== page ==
Mulder claims to be looking for miracles, but maybe sometimes he doesn’t find them because he’s only looking through a particular paradigm; the way that Scully often doesn’t see the same evidence he sees when they’re investigating because she’s looking through the lens of science. Never have Mulder and Scully seemed so far apart in essence as they do in this episode. Not in an antagonistic way, but it’s apparent that there’s a chasm when it comes to religious faith that neither of them can cross to reach each other.
Faith in God is the one aspect of Scully’s character that’s not accessible to Mulder. Even her science he relates to on some level in that he needs it to prove what’s never been proven. But Scully’s talk of catechism class is foreign to him and his immediate dismissal of it makes her uncomfortable. She looks almost sheepish as she suggests these things to Mulder. I can relate to her reluctance since I can remember having a similar experience in college. “You don’t really believe that do you? Not you.” By the final scene, she shuts him out.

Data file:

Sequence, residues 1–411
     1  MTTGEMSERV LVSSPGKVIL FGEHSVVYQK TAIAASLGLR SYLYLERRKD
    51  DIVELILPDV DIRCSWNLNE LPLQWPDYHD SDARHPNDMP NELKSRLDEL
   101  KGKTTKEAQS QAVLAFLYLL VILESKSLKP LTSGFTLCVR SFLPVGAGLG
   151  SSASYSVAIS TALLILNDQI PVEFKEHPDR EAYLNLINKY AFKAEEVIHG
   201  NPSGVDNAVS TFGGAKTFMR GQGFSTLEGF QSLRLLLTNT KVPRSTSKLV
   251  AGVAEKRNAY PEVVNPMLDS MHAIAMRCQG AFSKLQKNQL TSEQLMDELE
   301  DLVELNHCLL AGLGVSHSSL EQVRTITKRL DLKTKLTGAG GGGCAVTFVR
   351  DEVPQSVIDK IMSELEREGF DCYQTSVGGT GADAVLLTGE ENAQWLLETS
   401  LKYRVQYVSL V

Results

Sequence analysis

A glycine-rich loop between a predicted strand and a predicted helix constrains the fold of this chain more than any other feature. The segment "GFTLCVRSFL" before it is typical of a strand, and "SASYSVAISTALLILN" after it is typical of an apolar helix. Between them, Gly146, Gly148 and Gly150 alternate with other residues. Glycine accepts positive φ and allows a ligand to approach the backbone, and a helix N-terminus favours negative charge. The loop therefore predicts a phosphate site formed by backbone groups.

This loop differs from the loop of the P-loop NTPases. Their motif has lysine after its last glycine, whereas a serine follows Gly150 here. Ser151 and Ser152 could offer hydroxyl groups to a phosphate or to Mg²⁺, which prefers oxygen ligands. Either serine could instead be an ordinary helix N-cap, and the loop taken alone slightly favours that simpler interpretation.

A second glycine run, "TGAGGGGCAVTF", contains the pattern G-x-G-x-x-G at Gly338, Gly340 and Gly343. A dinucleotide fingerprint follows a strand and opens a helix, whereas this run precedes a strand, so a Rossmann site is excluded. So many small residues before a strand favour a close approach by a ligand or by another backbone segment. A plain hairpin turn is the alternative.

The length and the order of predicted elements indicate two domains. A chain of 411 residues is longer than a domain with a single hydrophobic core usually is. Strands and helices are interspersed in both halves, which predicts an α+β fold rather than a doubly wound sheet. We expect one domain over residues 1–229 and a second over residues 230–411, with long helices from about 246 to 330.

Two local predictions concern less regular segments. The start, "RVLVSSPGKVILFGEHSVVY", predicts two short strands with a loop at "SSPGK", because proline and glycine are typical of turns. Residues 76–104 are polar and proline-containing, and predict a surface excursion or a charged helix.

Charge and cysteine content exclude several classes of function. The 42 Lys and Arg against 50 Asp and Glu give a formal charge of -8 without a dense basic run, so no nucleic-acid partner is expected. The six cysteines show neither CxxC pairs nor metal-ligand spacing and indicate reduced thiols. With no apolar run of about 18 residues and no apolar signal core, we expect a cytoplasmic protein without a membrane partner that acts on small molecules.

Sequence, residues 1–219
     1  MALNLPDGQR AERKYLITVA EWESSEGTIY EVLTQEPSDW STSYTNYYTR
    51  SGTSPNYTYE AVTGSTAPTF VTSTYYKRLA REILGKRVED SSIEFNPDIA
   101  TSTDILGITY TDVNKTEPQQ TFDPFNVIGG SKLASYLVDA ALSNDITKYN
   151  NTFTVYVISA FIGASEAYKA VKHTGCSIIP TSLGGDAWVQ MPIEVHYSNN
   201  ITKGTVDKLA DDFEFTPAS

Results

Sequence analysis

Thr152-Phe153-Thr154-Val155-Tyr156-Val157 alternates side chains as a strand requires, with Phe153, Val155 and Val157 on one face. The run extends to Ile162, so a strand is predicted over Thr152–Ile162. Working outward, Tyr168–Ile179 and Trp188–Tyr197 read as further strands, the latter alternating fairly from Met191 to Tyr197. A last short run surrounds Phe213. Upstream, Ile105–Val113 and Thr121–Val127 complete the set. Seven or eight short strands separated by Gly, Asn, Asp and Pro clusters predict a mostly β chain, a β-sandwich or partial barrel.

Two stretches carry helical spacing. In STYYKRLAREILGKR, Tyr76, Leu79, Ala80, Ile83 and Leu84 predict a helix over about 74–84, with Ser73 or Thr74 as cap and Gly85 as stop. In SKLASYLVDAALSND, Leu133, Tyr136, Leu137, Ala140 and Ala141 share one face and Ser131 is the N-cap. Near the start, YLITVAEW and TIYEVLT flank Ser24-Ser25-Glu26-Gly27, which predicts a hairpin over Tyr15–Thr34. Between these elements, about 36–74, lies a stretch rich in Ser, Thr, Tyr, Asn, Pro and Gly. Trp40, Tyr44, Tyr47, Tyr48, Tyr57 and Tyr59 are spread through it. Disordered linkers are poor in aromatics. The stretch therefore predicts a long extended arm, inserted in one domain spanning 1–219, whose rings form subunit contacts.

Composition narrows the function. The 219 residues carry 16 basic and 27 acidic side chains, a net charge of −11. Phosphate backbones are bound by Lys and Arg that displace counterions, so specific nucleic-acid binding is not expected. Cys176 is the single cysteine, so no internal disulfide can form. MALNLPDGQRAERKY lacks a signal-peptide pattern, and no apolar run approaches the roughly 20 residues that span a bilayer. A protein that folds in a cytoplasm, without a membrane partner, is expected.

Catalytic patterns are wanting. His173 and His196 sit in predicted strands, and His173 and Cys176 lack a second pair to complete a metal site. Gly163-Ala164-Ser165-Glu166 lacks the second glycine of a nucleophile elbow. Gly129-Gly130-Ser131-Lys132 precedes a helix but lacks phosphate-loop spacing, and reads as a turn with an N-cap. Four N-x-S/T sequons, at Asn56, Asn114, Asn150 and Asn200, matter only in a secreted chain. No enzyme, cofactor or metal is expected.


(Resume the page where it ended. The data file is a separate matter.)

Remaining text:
We never get a reaction from Mulder in the end. Did he admit that Scully was right all along? Did he regret ragging on her a bit? It seems to me that he’s just a little bit sad. Maybe he too realizes that a gulf has opened up between him. But I guess we’ll never know exactly what goes through his head.
Funny how some of the least memorable episodes are the most interesting to discuss. Now please excuse me while I go break out some St. Augustine.
St. Ignatius was not in the Bible. Scully wasn’t paying close enough attention in catechism class.
Once again, Mulder and Scully are at the crime scene way too soon, otherwise the coroner would have already discovered the fake blood.
This was the final X-Files episode for director David Nutter who gave us such fabulous television memories as “Ice” (1×7) “Beyond the Sea” (1×12), “Irresistible” (2×13) and “Clyde Bruckman’s Final Repose” (3×4). With that resume, it seems fitting that his swan song should be a Scully-centered episode.
It’s also fitting that this is one of the few X-Files episodes penned by a woman, writer Kim Newton. She would also go on to give us “Quagmire” (3×22), another episode famous for delving into Scully’s background and psychology. I suspect if there had been a few more women on staff, Scully would have been more likable that she usually is in stand-alone episodes.